They aren’t typing in ‘talented wordsmith’. They are typing in ‘freelance cyber security writer.’ You want your profile optimized just like you’d optimize a blog post for SEO.

That means thinking about what the person hiring you is going to type into the search box. So don’t make your profile cutesy and clever (at least at the start) because it’s much more difficult to get found.

Alright, with that warning out of the way.

Here’s what your new LinkedIn profile looks like:

generic linkedin profile overview

Do not leave it looking like this any longer than you have to.

So let’s cover the basics first.

There basically nine major areas that comprise your profile. You want to optimize each of these to get the best results.

And when I say optimize, yup, I’m even talking about optimizing for keywords.

LinkedIn uses an algorithm just like your favorite search engine to find people. So, you want to know exactly what keywords the people you want to work with and connect with are going to be searching for and use them all over your profile.

Now, let’s take a look at each of these on their own.


Start with your photo. Click on the image of the camera right in the middle of your profile, and you’ll be asked to upload a photo.

Use a professional headshot, if possible.

If you don’t have this, then a nice clear photo of you smiling is a good option. Don’t include anything where you’re at the beach shirtless or holding a beer. Keep it to a photo you’d be happy to show your mom.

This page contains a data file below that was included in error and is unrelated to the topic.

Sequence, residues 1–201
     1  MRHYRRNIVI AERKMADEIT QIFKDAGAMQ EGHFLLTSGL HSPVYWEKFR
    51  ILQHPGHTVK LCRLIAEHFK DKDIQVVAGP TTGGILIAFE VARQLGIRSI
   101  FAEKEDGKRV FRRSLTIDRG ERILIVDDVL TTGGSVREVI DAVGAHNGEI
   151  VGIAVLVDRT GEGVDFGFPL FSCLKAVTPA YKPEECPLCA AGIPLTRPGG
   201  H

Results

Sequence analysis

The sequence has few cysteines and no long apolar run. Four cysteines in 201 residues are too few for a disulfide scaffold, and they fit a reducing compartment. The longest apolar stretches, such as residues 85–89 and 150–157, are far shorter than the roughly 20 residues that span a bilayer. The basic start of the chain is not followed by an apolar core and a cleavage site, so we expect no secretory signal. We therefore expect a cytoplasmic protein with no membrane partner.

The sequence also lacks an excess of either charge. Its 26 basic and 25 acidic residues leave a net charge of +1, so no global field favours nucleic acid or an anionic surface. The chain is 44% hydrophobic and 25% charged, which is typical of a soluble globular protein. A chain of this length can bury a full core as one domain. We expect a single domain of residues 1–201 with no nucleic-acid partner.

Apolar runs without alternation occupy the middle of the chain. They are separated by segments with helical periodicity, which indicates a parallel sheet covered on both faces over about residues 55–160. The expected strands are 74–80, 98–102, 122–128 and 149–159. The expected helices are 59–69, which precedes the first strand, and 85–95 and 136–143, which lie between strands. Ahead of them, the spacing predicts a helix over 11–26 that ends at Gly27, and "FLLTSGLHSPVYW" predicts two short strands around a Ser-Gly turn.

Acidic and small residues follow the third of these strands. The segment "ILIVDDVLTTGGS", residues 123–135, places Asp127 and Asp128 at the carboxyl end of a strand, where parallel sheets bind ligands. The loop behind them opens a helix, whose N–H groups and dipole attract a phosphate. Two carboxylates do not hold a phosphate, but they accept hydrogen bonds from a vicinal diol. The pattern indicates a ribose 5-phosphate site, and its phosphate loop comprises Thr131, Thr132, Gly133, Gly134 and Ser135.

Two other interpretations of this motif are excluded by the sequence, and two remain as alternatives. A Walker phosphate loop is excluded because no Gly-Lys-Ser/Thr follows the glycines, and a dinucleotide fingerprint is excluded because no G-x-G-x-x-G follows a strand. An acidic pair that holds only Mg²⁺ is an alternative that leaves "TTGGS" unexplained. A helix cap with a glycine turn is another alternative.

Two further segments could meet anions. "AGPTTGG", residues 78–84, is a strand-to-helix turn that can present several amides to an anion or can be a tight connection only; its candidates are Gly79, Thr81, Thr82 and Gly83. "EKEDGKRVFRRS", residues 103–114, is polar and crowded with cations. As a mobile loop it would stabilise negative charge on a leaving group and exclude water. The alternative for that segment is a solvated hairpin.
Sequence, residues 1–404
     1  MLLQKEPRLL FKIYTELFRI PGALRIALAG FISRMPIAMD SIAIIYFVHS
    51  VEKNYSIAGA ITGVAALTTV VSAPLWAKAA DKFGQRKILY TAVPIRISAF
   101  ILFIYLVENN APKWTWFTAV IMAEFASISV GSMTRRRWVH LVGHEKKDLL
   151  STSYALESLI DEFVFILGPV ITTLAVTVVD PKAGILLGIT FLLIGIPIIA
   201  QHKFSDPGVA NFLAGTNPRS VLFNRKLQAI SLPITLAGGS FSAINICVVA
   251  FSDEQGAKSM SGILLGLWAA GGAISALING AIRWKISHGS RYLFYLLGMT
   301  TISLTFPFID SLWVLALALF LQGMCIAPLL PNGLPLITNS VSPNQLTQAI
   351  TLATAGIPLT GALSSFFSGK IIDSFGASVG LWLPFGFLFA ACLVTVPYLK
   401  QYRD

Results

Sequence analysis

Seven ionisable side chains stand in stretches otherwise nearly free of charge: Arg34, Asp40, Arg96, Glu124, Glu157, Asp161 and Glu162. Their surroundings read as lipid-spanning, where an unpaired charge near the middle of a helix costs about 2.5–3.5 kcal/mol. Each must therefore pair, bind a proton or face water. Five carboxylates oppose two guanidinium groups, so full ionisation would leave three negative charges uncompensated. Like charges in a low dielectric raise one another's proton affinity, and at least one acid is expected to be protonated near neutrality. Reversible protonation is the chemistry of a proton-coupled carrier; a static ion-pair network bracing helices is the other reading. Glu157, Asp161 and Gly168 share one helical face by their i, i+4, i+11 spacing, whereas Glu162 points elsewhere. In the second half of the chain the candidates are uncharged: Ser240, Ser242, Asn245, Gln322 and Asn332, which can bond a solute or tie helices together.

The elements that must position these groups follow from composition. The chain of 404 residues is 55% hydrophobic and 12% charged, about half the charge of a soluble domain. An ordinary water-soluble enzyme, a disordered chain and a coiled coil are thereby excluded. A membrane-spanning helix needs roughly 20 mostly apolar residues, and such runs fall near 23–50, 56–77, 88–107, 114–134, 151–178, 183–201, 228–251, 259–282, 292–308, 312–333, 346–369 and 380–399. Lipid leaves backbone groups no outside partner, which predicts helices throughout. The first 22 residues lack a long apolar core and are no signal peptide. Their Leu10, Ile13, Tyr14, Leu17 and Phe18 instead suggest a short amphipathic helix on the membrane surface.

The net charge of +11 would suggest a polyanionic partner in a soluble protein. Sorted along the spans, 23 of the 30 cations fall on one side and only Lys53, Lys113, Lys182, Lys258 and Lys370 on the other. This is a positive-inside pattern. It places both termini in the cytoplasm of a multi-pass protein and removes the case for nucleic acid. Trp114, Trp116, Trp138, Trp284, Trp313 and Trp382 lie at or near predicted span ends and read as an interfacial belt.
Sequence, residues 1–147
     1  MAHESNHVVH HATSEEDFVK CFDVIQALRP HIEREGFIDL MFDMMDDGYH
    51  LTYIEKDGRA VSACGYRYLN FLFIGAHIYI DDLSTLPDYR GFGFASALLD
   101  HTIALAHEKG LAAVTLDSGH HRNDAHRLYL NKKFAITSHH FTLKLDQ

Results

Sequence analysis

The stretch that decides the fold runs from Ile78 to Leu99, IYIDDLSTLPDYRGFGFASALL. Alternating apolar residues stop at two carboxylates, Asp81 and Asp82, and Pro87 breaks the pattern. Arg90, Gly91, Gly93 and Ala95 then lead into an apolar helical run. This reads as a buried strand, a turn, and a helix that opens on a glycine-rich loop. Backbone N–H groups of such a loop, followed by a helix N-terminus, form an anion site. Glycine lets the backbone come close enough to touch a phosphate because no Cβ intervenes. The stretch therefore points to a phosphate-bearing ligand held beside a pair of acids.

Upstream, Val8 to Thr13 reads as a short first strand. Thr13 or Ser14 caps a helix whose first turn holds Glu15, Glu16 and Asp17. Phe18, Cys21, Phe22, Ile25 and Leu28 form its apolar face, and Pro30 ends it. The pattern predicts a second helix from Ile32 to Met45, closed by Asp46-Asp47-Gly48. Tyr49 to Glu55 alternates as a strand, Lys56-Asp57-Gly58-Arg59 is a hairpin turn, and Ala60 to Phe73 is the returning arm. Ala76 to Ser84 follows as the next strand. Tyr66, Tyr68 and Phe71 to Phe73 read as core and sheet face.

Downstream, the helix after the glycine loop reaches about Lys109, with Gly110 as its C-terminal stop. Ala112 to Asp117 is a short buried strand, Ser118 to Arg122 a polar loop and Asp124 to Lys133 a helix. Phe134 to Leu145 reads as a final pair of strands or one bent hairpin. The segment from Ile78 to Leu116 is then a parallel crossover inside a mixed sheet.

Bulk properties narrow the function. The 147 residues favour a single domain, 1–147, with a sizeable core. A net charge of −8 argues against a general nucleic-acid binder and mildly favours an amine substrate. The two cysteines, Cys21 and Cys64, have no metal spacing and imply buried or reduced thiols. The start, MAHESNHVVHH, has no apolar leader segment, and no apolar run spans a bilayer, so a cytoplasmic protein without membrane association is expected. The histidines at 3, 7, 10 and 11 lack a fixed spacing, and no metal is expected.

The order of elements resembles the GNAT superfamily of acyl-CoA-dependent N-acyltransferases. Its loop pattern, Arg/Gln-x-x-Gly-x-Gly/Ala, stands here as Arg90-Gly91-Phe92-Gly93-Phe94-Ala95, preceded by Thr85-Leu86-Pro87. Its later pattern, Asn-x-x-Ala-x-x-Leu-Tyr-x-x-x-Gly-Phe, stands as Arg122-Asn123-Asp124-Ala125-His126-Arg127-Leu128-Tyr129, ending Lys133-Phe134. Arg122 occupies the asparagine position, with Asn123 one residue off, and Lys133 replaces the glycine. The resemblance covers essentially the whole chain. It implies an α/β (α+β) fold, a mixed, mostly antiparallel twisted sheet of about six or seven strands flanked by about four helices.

You should also create a header photo, LinkedIn calls it a background image. To edit that, click the pencil icon.

LinkedIn has sample background images, but I’d recommend creating your own. Think of this image as a billboard. It’s a perfect place to advertise who you are and what you do.

I’d recommend making this image in Canva. They have a ton of free templates for LinkedIn background images.

Here’s what to include:

Here’s a great example:

blair sharp linkedin profile

Even if you are just starting and don’t have the social proof, add your email address and website and highlight the niches you write in.


This should be self-explanatory, but you never know, so I’m including it here. Use your actual name, don’t be a weirdo, and stuff some random keywords in here.